All about Tinnitus and work

All about tinnitus and work

What is tinnitus? Tinnitus is a common condition in which a person hear noise that is not caused by an external source. This 'phantom noise' can range from a slight buzzing to a constant ringing, clicking, or whooshing in the ears. Although tinnitus in itself no illness is, it often acts as a symptom of something else, such as hearing loss, ear injury or a circulatory system problem.

How can work cause or worsen tinnitus?

In the workplace, there are numerous factors that can cause or exacerbate tinnitus. Prolonged exposure to noise is one of the most common causes of tinnitus. In industries such as the construction, manufacturing or music industry, where high decibel levels are the norm, workers are at significant risk. Even in office environments, tinnitus can develop or worsen due to stress, poor ergonomics, or the use of certain medications.

It is crucial to understand that tinnitus is not only a physical condition; it can also have psychological effects, such as concentration problems and sleep disturbances, which can affect work performance and overall quality of life. It is therefore important for both employees and employers to be be aware of the risks and the steps that can be taken to prevent and manage tinnitus.

In the following sections, we will elaborate on the impact of tinnitus in the workplace, the risk factors in different industries, and how otoplastics and other forms of hearing protection can help prevent this condition or manage the symptoms.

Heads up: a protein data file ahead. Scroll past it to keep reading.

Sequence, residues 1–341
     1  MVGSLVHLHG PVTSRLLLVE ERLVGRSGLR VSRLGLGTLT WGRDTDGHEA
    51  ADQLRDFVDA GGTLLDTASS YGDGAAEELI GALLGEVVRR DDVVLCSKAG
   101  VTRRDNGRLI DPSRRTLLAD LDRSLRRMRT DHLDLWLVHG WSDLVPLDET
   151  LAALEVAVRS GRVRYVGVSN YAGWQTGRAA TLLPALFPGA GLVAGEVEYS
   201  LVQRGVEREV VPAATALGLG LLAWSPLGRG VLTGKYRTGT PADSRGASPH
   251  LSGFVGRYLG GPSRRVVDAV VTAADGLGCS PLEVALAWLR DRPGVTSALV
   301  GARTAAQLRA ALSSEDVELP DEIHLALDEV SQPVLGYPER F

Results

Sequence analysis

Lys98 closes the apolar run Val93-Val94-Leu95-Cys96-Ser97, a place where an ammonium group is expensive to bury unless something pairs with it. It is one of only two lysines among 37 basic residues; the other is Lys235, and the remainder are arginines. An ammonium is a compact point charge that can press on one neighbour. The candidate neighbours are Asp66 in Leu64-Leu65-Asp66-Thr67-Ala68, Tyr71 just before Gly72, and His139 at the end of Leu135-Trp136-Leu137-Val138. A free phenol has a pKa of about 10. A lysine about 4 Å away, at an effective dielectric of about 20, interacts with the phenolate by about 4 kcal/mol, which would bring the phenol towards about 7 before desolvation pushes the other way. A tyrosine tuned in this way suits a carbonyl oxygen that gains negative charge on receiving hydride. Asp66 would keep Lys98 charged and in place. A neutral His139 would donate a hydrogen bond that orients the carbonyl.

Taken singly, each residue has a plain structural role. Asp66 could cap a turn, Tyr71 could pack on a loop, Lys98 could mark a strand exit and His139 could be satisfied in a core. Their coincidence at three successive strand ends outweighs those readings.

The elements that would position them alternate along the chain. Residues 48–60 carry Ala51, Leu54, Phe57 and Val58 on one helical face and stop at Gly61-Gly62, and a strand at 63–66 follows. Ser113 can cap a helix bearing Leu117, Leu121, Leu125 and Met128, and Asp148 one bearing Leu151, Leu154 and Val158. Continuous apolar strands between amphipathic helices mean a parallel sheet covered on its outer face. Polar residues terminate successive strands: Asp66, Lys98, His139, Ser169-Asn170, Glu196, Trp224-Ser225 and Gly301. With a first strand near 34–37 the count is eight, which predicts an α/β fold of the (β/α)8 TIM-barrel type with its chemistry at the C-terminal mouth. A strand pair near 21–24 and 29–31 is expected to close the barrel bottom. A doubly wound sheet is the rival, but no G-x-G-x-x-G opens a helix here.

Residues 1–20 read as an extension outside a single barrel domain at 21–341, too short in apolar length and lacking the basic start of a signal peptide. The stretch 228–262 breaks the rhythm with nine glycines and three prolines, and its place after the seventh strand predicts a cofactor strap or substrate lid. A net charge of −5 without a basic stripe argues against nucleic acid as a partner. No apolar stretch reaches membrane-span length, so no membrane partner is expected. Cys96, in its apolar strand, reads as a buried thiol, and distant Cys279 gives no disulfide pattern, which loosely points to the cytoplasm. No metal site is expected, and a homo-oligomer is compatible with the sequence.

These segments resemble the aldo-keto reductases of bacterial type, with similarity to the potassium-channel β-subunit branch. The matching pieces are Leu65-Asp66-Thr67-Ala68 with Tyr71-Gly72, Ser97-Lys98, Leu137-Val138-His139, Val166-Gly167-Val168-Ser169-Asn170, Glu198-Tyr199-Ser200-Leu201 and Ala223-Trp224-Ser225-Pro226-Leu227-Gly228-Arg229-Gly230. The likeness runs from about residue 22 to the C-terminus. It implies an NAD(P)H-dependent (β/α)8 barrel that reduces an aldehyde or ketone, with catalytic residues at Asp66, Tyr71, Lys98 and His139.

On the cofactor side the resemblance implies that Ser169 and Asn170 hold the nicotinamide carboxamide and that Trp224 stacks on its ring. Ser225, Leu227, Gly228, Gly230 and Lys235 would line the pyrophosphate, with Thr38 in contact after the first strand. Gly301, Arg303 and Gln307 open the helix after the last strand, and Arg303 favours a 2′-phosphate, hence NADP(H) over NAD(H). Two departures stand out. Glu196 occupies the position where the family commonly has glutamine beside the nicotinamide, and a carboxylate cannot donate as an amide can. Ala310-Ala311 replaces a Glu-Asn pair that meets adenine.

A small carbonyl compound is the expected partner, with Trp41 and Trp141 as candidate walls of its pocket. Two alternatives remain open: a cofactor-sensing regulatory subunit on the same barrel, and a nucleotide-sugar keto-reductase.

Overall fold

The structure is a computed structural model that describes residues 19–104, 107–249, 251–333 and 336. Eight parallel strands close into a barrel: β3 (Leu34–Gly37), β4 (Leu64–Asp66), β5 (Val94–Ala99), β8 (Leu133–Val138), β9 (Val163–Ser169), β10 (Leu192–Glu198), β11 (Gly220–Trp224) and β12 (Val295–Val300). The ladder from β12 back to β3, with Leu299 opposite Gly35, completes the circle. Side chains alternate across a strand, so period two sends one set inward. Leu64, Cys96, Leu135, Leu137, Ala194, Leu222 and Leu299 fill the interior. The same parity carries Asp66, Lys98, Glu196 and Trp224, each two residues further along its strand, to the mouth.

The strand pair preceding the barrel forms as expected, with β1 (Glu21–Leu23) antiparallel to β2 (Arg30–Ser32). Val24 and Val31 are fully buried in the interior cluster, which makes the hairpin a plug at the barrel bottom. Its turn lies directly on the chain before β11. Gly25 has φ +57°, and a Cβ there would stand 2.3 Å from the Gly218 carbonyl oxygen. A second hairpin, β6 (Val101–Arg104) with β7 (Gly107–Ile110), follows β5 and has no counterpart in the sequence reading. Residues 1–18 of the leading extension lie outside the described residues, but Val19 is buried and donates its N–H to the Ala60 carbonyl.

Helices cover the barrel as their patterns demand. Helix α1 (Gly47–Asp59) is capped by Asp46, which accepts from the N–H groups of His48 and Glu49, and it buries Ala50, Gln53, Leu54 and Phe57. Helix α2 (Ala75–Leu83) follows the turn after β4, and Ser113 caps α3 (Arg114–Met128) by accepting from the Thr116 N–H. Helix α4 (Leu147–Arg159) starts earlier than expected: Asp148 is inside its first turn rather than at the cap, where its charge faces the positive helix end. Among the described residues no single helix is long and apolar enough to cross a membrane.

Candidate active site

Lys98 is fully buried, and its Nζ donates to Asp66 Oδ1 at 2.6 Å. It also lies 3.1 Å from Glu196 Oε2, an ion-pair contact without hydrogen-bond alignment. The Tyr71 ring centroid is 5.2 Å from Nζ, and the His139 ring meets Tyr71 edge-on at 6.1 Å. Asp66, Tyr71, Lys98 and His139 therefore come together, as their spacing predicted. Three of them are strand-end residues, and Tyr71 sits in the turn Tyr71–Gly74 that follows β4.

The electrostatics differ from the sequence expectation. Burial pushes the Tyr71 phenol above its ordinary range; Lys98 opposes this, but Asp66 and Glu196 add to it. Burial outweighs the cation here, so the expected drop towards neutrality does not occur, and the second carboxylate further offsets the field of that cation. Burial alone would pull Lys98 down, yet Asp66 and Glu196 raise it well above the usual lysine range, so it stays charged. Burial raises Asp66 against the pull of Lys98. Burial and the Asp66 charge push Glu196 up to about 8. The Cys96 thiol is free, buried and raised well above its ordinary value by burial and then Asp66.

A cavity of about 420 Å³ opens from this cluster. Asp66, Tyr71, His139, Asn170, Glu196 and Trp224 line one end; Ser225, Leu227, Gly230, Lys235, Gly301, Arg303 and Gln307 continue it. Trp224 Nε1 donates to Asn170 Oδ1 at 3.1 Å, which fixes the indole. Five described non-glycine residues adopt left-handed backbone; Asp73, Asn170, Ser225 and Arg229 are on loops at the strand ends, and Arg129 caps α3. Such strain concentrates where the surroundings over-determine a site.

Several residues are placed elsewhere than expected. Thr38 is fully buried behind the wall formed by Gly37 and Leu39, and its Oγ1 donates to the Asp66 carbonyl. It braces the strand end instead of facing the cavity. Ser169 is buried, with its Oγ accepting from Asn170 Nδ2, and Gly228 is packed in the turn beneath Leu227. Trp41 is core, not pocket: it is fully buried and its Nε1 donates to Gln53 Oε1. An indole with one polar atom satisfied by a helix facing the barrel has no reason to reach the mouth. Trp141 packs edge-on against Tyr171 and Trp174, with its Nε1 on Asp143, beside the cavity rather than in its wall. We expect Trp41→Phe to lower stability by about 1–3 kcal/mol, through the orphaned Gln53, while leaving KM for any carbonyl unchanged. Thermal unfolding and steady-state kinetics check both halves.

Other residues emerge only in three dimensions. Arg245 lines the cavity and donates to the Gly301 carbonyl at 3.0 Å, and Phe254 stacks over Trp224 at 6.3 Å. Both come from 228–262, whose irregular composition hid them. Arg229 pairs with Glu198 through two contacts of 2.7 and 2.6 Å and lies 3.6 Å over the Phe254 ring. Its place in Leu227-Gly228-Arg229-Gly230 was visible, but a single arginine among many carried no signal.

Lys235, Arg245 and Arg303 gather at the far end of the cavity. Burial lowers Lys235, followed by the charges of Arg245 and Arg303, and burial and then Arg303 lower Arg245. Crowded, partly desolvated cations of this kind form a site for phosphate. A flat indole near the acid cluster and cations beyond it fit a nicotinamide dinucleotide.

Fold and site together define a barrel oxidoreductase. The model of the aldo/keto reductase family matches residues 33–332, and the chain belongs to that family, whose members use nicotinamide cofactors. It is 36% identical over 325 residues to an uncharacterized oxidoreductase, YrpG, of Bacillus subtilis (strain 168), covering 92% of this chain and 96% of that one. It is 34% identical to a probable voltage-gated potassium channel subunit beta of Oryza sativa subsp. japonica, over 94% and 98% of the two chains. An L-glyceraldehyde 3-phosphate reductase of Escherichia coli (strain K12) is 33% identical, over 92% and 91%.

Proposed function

tinnitus in the workplace


Tinnitus actively hinders your work

Tinnitus can have a crippling impact on work performance. Workers struggling with this condition often experience difficulties with concentration, communication and performing daily tasks. The constant sound can distract attention, leading to errors and reduced productivity. In work environments where precision and attention to detail are essential, tinnitus can compromise work safety. Moreover, the hearing loss often associated with tinnitus can make communication with colleagues and customers difficult, which is essential for effective collaboration and customer satisfaction.

The relationship between tinnitus and stress in the workplace is twofold; not only can stress exacerbate tinnitus, but tinnitus can also become a source of significant stress. Employees with tinnitus may experience higher levels of work-related stress, which can lead to anxiety, irritability and even depression. This emotional and psychological strain can seriously affect employee well-being and contribute to higher absenteeism. It is therefore crucial that employers provide a supportive environment and take measures to reduce workplace stress, which in turn can help manage tinnitus symptoms.


woman with headaches due to tinnitus


Do you work in construction or industry? Then pay extra attention